From the inbox, a darn good question (lightly edited for grammar, redacted for privacy) from a senior graduate student we'll call EBZ:
During the onsite interviews I've had, I always get asked: Why don't you want to do a post-doc? I feel like my answers for this are never well received (I usually say that during my PhD, I've worked on a variety of different types of chemistry and I'm excited to work in the fast-paced world of drug discovery). Do you know what kinds of answers they are looking for? 
To be frank, I have no idea how to answer this question. My answer, if I were EBZ, would be something like "My understanding is that a postdoc is more training, and demonstrating that I can get started on a new project, and make an impact quickly, and I feel that I have already done that blah blah buzzword synergy disruption BOOM." (To the literal-minded: this would not be a good answer.)

Readers, do you have a good answer to this question? Help EBZ out!

*I would personally never ask such a question, because I wouldn't ask "Why don't you want to saw off your pinky toe?" or "Does this striped shirt make me look fat?" either. (Yes, CJ, it does. -ed. Thanks for the honesty! Anytime. -ed.)

Jin-Quan Yu is a 2016 MacArthur Fellow

Congratulations to Professor Yu and his group! (Someone at the MacArthur Foundation sure likes chemists!) 

Wednesday, September 21, 2016

Warning Letter of the Week: simultaneous analysis edition

In a friendly note to Hebei Yuxing Bio-Engineering Co., the FDA notes a problem with their analytical methods: 
2.    Failure to follow and document laboratory controls at the time of performance, and failure to document and explain any departures from laboratory procedures.
During the inspection, your firm provided our investigator a chromatogram for an assay analysis of [redacted] batch [redacted] dated August 30, 2014, at 9:46:39 a.m. Your firm later submitted to FDA a different chromatogram corresponding to the same analysis, instrument, date, time, and batch. The second chromatogram appears exactly the same as the one provided during the inspection, but it includes a different method file name, column type and serial number, and system temperature. Both versions of these documents cannot represent the actual assay analysis that you conducted for batch [redacted] on August 30, 2014, at 9:46:39 a.m.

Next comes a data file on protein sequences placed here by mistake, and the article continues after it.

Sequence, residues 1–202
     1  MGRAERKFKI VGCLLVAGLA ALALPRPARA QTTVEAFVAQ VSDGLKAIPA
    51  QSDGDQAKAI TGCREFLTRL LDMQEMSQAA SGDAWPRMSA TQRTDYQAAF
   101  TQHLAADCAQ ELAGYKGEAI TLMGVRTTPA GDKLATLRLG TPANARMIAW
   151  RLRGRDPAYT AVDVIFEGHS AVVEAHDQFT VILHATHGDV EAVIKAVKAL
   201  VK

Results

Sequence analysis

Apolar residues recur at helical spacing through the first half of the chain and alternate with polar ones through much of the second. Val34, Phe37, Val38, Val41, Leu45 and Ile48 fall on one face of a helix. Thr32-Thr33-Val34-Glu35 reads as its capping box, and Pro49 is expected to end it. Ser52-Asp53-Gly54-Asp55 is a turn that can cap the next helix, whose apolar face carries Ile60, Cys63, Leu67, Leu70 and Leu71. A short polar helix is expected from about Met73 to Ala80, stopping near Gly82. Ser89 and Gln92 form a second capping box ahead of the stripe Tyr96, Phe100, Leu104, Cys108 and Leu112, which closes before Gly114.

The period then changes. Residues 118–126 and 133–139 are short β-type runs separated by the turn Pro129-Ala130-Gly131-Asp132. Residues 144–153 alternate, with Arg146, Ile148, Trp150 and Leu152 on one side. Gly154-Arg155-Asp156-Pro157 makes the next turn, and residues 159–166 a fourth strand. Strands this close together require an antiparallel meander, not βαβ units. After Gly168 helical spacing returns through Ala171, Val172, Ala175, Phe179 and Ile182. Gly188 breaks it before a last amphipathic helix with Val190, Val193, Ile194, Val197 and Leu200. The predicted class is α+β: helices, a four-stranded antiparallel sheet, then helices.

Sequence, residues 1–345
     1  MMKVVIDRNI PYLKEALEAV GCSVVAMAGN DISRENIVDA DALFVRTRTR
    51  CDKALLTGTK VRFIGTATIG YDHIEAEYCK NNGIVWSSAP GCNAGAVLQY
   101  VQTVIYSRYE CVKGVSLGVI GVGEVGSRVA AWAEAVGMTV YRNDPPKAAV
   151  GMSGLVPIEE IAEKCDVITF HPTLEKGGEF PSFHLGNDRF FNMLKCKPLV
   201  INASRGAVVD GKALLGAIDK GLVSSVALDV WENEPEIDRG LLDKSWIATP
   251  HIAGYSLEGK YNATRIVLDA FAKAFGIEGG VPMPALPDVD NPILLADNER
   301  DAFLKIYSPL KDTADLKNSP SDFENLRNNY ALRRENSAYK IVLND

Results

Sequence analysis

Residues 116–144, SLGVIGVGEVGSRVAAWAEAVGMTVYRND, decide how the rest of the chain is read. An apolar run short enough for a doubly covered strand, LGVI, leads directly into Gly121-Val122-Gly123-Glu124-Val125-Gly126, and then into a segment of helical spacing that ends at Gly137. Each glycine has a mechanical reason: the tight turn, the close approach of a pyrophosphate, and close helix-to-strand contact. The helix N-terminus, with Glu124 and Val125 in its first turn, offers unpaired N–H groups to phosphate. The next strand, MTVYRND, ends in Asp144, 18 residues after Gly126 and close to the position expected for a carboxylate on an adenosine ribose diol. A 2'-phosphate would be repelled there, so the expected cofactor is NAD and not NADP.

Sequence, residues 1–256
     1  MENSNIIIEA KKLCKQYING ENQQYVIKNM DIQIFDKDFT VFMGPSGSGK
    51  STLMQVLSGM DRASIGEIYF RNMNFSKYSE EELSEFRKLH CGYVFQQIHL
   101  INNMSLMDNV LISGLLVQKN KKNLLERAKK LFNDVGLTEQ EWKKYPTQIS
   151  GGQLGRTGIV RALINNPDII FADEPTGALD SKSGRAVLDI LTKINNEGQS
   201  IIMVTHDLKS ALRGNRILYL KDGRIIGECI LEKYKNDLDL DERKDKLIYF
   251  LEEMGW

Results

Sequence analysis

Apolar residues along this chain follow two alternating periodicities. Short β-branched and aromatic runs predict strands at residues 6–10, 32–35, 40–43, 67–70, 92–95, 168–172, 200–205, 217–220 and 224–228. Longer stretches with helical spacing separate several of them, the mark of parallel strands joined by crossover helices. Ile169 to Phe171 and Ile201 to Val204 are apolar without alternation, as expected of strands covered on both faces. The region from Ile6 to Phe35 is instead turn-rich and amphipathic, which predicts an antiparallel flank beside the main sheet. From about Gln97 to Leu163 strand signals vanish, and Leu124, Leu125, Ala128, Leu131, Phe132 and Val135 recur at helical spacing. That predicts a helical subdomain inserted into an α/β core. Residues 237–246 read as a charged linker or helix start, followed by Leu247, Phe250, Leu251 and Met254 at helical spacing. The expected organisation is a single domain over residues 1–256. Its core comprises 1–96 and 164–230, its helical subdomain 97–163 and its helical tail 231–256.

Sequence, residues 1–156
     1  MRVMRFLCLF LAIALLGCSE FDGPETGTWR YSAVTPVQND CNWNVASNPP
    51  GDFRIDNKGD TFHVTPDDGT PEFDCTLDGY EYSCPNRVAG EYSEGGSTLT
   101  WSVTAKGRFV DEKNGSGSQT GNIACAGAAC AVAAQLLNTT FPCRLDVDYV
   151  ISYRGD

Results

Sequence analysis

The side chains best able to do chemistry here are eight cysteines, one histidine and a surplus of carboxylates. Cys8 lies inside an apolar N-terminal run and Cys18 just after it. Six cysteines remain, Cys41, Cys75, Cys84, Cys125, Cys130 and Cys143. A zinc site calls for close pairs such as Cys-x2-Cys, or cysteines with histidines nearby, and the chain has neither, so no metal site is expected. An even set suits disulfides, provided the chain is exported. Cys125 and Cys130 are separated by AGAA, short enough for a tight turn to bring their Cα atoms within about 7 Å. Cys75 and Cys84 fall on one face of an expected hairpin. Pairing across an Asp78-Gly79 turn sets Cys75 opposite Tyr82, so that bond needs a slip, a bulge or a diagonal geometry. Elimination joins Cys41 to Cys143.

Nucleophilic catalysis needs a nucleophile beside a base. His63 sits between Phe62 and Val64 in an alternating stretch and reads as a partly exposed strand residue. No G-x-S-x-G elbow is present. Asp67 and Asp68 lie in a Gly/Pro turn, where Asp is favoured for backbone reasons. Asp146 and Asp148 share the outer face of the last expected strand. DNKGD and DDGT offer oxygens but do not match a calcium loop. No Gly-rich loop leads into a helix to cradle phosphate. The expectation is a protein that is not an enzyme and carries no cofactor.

I don't quite understand the circumstances where this could have happened, but perhaps the good folks at Hebei Yuxing have an answer.  

Tuesday, September 20, 2016

Now that's #altchemjobs!

I presume that the good folks at Willamette University (Salem, OR) have made an error. 

2017 Chemistry Faculty Jobs List: 298 positions

The 2017 Chemistry Faculty Jobs List has 298 positions. The open thread is here. 

Clever trick w/IP addresses and job searching

Via Twitter, an interesting post from zwitterionique, an anonymous professor with this little interesting tidbit regarding a simple professional website and their job search: 
Data collection: 
I recorded application due dates, application submission dates, requests for letters of recommendation, requests for phone/skype interviews, invitations for on-campus interviews, interview dates, and rejections. 
In addition to formal communication, I maintained a simple professional website with an IP tracker.  The site came up on the first page of results for a search on my name and I included the web address in my application materials.  I checked the hits at least a few times a week and in the case where the IP address mapped to a university, I recorded the first and second visit dates.  If I applied to multiple positions at a university, I assigned the hit to the earliest application date unless there was a good indication of department in the IP (e.g.   
For large geographical areas with only one university, I counted hits from the city where the university was located even if it wasn’t through a university assigned IP address (e.g. for University of Utah, also hits from Salt Lake City).  I did not do this for cities with multiple universities.  Thus, IP tracking data is much more robust for large state universities than it is for universities in areas like Boston, New York and San Francisco.  
It is likewise more accurate for universities with one open position than with multiple open positions.  Finally, it is much more accurate for applications with earlier due dates (say August through November) because later on there started to be too many hits to parse with as much granularity.   The data set suffered a bit because the task grew in complexity as other demands on my time increased and my anxiety over finding a position diminished.